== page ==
Drawing Cured A Stomach Ache

LargeDid you know that drawing can cure stomach aches? Me either! But apparently it does. At first I thought I might have had a case of the New Year Blahs. Except that would have been out of character for me. The other idea that came was too awful – a sudden onset of gluten intolerance. I would hate that.

But then I got to thinking about December 28th when I tripped. That awful feeling when you know you’re going down and there’s absolutely NOTHING you can do about it. I said, “Oh Noooo!” And down I went, still repeating, “Oh Noooo!” But aside from a slight hand sprain that was gone the next day, and an invisible soreness on my left cheekbone, also gone the next day, and glasses slightly bent out of shape, there was no physical damage.

But my confidence plummeted.

For the next few days I changed from low-heeled boots to boots with practically no heel at all. I walked slower. I was more deliberate in my steps. And then I forgot about it and got on with things having to do with New Years.

And then the new year began. And the stomach aches came. It was hard to get anything done when all I wanted to do was lie down and rest and watch movies or read. But then I had an idea. Why not draw a picture of myself tripping? Losing control. That flying feeling before the “Oh Noooo!” began. To have something to go by I Googled images of people tripping. (I had to include the word ‘over’ so Google wouldn’t think I was looking for pictures of people on acid.) And believe it or not, just by looking at the pictures and planning my drawing I started feeling stronger.

So then I wondered why that was. And I thought, well, by drawing it I would be taking control of my experience. I would be the orchestrator, as it were. I’d lost control when I tripped, and now I was taking the control back. I’d said Noooo when I fell, and now I was saying Yessss.

(This is actually the subject matter of my second memoir which I’m almost finished with – working-title, The Nancy Who Drew the Way Home. It’s about the seven years in my 30s when I painted pictures of all the feelings I was going through, and what that led to. It was something positive.)

It’s now been 24 hours since conception and execution of the drawing, and the stomach ache has not returned. (Yessss!)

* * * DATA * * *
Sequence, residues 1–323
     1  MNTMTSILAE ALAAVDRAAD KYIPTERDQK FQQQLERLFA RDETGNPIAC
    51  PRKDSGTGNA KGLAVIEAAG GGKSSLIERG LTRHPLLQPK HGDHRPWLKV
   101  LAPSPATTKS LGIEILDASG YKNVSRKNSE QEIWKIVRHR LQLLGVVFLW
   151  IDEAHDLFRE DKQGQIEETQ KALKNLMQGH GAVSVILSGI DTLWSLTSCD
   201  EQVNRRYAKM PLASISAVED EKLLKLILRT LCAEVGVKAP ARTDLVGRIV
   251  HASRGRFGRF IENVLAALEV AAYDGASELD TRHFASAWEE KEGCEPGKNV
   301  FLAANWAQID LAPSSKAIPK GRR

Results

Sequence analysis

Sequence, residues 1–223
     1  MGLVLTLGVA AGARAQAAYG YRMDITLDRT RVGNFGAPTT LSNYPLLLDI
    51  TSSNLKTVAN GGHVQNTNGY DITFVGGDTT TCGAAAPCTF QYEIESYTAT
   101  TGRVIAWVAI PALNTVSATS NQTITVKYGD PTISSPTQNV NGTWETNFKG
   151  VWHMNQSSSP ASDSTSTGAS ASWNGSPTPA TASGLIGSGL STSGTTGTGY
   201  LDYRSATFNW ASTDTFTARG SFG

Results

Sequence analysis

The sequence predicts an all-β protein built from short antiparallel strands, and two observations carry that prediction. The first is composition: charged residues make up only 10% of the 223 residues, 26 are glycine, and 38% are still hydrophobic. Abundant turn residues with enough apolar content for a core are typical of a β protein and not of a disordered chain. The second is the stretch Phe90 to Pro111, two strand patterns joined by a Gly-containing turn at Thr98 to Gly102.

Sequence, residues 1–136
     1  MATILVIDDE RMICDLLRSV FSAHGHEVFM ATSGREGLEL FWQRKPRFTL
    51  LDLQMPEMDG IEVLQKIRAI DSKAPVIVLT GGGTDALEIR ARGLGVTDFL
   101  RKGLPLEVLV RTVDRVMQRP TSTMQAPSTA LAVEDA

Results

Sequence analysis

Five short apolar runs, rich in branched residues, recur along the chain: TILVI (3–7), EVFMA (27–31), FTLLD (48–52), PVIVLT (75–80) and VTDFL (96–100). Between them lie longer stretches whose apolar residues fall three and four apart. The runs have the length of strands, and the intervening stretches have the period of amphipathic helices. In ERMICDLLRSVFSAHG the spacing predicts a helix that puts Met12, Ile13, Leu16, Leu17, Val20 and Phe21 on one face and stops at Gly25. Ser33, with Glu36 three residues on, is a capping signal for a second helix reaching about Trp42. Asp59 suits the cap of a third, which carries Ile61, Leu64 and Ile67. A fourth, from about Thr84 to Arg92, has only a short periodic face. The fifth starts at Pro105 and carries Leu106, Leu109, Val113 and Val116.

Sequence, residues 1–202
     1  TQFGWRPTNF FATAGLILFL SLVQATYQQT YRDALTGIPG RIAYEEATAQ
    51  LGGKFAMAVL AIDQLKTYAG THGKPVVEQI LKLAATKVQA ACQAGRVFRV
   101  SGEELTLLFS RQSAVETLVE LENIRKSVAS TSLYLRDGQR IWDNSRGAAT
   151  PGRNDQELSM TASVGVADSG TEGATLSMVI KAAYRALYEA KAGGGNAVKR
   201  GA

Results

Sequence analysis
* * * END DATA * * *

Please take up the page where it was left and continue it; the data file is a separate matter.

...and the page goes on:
Now here’s the postscript. The real kicker. Between starting the drawing and finishing it, I went out to do a few errands. Then, as I was walking home, crossing the street, I almost got hit by a car. I had the light. I was walking on the painted cross-walk when this big SUV suddenly swerves around the corner. But I was nimble. I was quick! I jumped out of the way and it missed me by inches. The driver stopped and let me vent a few minutes, but I was alright. He said, “Are you alright?” And I had to admit that I was. So he drove on and I continued home, thinking about what it all meant, coming to the conclusion that it was proof how nimble and quick I could be. I saw I had a choice to think how awful to be almost hit by a car, or, Wow, wasn’t that something the way my body lurched so handily out of the way! So now my confidence is doubly restored. 2016. Bring. It. On…

P.P.S. I was also glad I’ve been doing the Emerald Alignment, which at the end has you visualizing a blue band of protection around yourself. Comes in very handy. Here’s the link if you’d like to try it yourself: http://www.rainbowlightfoundation.net/the-emerald-alignment/

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About Nancy Wait

Nancy Wait is an artist a writer, a writing coach/editor, and author of the memoir "The Nancy Who Drew, The Memoir That Solved A Mystery." She is a former actress (stage, film and TV) in the UK under the name of Nancie Wait. She hosted the blog talk radio show "Art and Ascension," and more recently, "Inspirational Storytellers." Nancy is currently at work on the sequel to her memoir, "The Nancy Who Drew the Way Home," to be published in 2018.
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